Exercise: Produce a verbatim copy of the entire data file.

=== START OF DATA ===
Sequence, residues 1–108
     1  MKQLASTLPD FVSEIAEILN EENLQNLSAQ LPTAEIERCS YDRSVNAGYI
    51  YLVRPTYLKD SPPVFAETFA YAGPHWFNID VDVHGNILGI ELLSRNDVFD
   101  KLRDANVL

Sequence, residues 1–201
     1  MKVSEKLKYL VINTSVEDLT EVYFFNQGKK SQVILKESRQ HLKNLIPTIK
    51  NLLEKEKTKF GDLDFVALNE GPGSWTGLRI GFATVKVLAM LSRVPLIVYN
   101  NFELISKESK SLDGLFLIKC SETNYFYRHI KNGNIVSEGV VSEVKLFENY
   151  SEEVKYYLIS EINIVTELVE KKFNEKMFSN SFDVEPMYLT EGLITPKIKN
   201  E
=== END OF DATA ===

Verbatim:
Sequence, residues 1–108
     1  MKQLASTLPD FVSEIAEILN EENLQNLSAQ LPTAEIERCS YDRSVNAGYI
    51  YLVRPTYLKD SPPVFAETFA YAGPHWFNID VDVHGNILGI ELLSRNDVFD
   101  KLRDANVL

Sequence, residues 1–201
     1  MKVSEKLKYL VINTSVEDLT EVYFFNQGKK SQVILKESRQ HLKNLIPTIK
    51  NLLEKEKTKF GDLDFVALNE GPGSWTGLRI GFATVKVLAM LSRVPLIVYN
   101  NFELISKESK SLDGLFLIKC SETNYFYRHI KNGNIVSEGV VSEVKLFENY
   151  SEEVKYYLIS EINIVTELVE KKFNEKMFSN SFDVEPMYLT EGLITPKIKN
   201  E